Have you ever sat down to write and thought, “Writing is hard!” and then reached over to retrieve an old Radio Shack circular that you’d thrown in the trash, because it seemed imperative that you read it immediately?
Or when you know something’s due in an hour, do you suddenly decide that now would be the perfect time to gather up some old clothes for Goodwill? You aren’t alone.
Writing pretty much sucks for everyone. Why do you think so many famous writers have or have had major drinking problems? I mean, sure, part of that is because a lot of writers are already tortured souls, but another part is that writing makes us feel vulnerable, miserable, anxious, and critical of ourselves and we look for ways to blot that out.
Even the best and most prolific writers hate getting started. There’s nothing like a blank new document to make you feel that anything you write is going to be less than great — definitely worse than that other thing you wrote when you were feeling much more inspired right? I can’t help you actually sit your butt down in the chair to write, but if you can get yourself there, I have a few writing tips to help make what you do write better.
1. Be brave
Say something other people are afraid to say. It’s hard to put yourself out there in your writing but honestly, it’s the only stuff that matters.
2. Don’t be afraid of negative comments
This is easier said than done, but if you are going to follow the above tip, you will have to follow this one as well. People who leave negative comments on the Internet are often a-holes. I wrote a post about children’s books I don’t like that was linked on HuffPo (where it got a lot of stranger traffic), and a woman commented that she was a preschool teacher for 26 years and she knew for a fact that she would’ve hated my kids. I was like, “Whaaaaa?” I mean, sure you’re welcome to think I’m a horrible person because I disagree with you on whether or not Love You Forever should be a literary classic, but now you hate my kids? Crazy, right? Yes, but totally typical for the hate-fest that will greet you in comment forums when you post anything opinionated or extremely honest. Do it anyway!
3. Don’t apologize
Don’t say, “It’s just my opinion” or “Sorry if this offends anyone” or anything else that lessens the impact of what you have to say. If you have to apologize, might as well not say it.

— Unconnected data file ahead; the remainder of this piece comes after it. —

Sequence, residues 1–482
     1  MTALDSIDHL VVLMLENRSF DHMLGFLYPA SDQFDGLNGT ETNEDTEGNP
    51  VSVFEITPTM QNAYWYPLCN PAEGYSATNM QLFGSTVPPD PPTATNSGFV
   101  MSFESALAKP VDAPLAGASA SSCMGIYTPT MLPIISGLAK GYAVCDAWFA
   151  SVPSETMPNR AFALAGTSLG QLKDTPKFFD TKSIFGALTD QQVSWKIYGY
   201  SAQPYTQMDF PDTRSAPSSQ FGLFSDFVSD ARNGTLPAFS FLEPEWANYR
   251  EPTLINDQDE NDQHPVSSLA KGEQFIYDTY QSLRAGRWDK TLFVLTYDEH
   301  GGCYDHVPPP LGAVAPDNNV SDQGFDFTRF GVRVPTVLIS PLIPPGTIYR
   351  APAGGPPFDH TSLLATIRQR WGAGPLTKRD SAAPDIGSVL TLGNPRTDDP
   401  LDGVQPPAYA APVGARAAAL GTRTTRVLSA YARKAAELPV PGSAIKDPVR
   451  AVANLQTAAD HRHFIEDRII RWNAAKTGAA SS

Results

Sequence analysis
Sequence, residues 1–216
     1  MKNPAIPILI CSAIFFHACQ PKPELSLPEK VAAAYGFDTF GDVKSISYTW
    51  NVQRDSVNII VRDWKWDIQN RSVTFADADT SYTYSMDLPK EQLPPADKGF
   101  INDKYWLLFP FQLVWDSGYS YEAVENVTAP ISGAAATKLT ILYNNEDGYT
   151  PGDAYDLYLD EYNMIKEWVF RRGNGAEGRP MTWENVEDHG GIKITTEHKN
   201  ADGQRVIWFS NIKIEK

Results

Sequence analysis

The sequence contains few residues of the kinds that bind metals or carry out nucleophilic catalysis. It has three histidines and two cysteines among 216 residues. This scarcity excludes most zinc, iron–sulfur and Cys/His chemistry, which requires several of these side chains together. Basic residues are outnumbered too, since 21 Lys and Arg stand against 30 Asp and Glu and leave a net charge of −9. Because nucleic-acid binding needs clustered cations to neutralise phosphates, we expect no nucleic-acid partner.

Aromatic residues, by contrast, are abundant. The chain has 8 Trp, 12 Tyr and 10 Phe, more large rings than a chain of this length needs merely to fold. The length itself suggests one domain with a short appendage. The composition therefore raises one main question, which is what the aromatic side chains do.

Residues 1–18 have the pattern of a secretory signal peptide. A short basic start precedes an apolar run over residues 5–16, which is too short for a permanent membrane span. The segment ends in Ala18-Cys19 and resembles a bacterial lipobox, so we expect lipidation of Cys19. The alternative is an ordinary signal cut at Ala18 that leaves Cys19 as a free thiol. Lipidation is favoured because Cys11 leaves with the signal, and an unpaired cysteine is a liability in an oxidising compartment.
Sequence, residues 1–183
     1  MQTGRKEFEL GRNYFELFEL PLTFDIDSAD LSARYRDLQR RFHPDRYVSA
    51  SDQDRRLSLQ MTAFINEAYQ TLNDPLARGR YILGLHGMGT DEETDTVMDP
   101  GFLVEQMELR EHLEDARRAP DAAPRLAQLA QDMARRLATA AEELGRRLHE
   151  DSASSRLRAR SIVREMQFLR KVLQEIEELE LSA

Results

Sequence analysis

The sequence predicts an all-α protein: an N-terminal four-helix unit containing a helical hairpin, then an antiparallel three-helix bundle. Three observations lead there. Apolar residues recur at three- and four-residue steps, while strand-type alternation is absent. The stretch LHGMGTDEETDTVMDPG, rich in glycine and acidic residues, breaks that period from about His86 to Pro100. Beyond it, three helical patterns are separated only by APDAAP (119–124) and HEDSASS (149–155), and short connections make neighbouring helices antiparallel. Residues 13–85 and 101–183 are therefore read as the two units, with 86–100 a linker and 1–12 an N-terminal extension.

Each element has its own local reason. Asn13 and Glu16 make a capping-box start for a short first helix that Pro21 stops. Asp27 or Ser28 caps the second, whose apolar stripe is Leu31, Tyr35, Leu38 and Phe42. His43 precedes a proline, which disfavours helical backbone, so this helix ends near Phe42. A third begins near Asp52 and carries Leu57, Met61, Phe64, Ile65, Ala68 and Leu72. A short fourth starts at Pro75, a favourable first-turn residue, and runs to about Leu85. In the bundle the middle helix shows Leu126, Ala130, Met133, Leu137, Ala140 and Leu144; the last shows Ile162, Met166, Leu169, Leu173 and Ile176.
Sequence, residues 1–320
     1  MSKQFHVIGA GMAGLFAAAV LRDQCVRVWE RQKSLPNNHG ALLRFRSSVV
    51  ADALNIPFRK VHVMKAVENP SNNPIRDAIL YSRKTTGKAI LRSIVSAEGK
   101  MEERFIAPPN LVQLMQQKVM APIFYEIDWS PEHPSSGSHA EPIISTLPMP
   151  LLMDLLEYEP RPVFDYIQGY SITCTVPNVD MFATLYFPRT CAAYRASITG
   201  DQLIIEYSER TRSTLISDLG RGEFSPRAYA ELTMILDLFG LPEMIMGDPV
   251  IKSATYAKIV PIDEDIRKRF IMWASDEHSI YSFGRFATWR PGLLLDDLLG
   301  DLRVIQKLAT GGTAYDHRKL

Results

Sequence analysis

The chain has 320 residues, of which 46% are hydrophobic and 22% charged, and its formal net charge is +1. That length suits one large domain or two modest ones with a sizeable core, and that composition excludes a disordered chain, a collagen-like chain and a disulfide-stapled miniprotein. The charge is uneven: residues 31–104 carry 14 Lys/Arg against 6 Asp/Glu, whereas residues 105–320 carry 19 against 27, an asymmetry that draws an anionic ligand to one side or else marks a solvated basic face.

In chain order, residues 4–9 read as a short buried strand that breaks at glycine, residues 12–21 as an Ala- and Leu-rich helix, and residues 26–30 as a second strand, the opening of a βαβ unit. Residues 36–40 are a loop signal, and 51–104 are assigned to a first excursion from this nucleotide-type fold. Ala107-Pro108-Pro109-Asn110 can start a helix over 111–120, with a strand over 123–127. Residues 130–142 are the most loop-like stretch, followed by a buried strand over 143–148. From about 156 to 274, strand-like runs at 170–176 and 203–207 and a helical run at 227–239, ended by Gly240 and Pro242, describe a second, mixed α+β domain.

4. Make yourself laugh
If you are writing humor (and writing can always use humor) try to make yourself laugh. I always find that when I have a little chuckle at something I’ve written, that’s the stuff that will make someone else chuckle. If I’m not even smiling, chances are others won’t be amused. Then again, I’m my own harshest critic, so maybe people are finding it funny anyway. But I assure you, if you laugh at your own stuff, others will certainly laugh with you.
5. Make yourself uncomfortable
This is closely related to tip number 1 but also stands on its own. When we are truly exposing ourselves, it tends to feel very uncomfortable. I once wrote a line about my father in one of my books that made me feel like I wanted to crawl out of my skin. But people told me later it was one of the most moving chapters of the book for them. Again, I hated writing it the most because I didn’t like the feelings that came up with it, and I worried about what people would think and about what those feelings said about me etc. etc. etc. Do it anyway.
6. Less is more
Whatever you write, go back and remove a few hundred words. I do a bit of editing for people, and 100% of the time people write too much and are loath to remove any of it. They feel that everything on the page is important to their point. It’s not. I guarantee you that you are over explaining. See how short I kept this explanation? There was so much more I felt I could say about keeping it short, but in the end, I just went with this. So … yeah … I think you get it. Right? I mean I could go on …
7. Feel something when you write
Writing from experience is great, but it’s better when that experience makes you feel something. I don’t care if it’s anger, joy, sadness, melancholy, fear, hate, awe or gratitude — just feel when you write. When you get those emails asking if you want to cover something, ask yourself if you care strongly about the topic one way or the other before you take it on. And if you do take something on, get into the emotion it brings up for you. Listen to music if it helps.
8. Find the time of day to write that works best for you
If you write better in the morning then get up everyday and write then. If you find that you tend to dick around too much if you try to do it before you’re really gotten into your day, then accept that about yourself. It’s self-defeating and frustrating to set a writing goal for yourself only to never achieve it because it’s the wrong time. It doesn’t matter if it’s morning, night, during your kid’s basketball practice, or only on weekends; pick a time and do it.
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